So many roads are ready to take you forward Into the empty world to come, misty with promises. So few will lead you back to what you’ve missed. …………………from the poem Invitation by Carl Dennis
This dirt road leads to the farm on which I lived until my mid to late teens. A modern day photo of a place of memories. It is now posted property and not open for me to take a walk up that lane. Grateful for the experience of farm life, memories, and this photo.
This morning I delighted in a single line of poetry from Mary Oliver’s Toad. Can’t exactly say why it thrilled me, other than my love of storytelling, maybe. The line transported me to a place and time of imagination; where I remembered Einstein once said, “Imagination is everything.” Oliver’s line of poetry that sparked and delighted me: “I was walking by. He was sitting there.”
Not called to move Prefer stillness And looking within
I seek solitude and silence Although The world is never silent
Neither are my thoughts They often ramble To the past or future
Am I an antenna For thoughts Moving in the now?
I wrote this poem at a workshop given by John Fox of Poetic Medicine. His prompt was – to move. I left the workshop at first break that day. I was already feeling the call to social distance and honored my knowing that I wanted to be in another place, alone.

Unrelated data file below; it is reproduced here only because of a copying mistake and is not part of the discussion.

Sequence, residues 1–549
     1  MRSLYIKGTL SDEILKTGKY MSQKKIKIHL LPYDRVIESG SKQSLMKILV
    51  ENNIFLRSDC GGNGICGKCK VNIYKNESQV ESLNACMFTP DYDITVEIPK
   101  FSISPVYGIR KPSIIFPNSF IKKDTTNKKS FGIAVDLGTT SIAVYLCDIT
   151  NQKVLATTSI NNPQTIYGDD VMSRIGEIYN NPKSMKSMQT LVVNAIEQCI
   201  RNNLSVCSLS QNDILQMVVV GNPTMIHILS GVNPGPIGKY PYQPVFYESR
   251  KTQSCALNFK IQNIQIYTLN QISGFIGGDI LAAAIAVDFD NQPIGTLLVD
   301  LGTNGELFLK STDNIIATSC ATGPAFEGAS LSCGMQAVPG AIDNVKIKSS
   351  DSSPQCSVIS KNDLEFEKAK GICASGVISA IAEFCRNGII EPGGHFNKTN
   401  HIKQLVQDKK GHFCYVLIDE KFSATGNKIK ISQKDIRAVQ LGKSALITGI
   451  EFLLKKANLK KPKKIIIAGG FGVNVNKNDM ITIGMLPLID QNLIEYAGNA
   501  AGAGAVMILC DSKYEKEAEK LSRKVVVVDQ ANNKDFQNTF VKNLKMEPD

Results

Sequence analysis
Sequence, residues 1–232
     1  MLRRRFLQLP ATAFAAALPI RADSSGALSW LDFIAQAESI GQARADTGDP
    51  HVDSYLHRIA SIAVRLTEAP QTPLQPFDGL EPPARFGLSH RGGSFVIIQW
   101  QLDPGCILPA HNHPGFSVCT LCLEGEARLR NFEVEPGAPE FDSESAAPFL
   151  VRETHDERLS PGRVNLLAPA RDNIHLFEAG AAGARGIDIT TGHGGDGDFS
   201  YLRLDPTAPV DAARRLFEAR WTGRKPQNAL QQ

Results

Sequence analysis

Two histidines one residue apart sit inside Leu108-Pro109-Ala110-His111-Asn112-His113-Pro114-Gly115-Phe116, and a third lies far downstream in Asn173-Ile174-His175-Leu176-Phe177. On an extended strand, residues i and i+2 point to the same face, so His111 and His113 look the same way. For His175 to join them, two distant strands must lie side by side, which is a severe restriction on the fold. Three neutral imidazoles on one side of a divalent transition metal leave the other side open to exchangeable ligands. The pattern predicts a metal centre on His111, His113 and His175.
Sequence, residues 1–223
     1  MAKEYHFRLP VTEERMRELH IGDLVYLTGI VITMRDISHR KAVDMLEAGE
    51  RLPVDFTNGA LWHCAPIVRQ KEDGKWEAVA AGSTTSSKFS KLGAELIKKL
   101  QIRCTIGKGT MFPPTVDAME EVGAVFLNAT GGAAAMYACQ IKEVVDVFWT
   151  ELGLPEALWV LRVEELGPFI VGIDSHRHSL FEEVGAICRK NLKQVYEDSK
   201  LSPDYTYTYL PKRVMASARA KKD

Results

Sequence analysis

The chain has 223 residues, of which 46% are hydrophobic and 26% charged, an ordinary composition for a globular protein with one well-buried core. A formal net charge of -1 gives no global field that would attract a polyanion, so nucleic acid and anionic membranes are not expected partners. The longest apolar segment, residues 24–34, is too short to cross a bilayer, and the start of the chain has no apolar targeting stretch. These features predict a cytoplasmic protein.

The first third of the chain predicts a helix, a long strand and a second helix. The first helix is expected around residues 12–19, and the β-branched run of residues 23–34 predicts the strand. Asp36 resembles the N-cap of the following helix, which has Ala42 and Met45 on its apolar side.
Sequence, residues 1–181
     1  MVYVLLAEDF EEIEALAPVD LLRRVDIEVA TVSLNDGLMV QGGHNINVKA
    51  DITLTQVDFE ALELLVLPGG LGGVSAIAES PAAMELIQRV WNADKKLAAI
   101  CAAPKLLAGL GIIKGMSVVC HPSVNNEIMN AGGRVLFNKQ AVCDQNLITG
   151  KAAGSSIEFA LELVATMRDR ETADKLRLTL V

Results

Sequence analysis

A poem I won’t forget; it slays my heart every time I read it. The poet is Laura Gilpin and the poem is The Two-Headed Calf.
I’m sure growing up on a farm adds to my love of this poem because I see the pasture, the stars, the moon, the orchard, and feel the wind in the grasses. I see in my heart the cow and her calf. I feel their body heat, hear their breathing, and smell their cowness. I hear the sounds of the night; for the night is not silent.
The Two-Headed Calf by Laura Gilpin
Tomorrow, when the farm boys find this freak of nature, they will wrap his body in newspaper and carry him to the museum.
But tonight he is alive and in the north field with his mother. It is a perfect summer evening: the moon rising over the orchard; the wind in the grasses. And as he stares into the sky, there are twice as many stars as usual.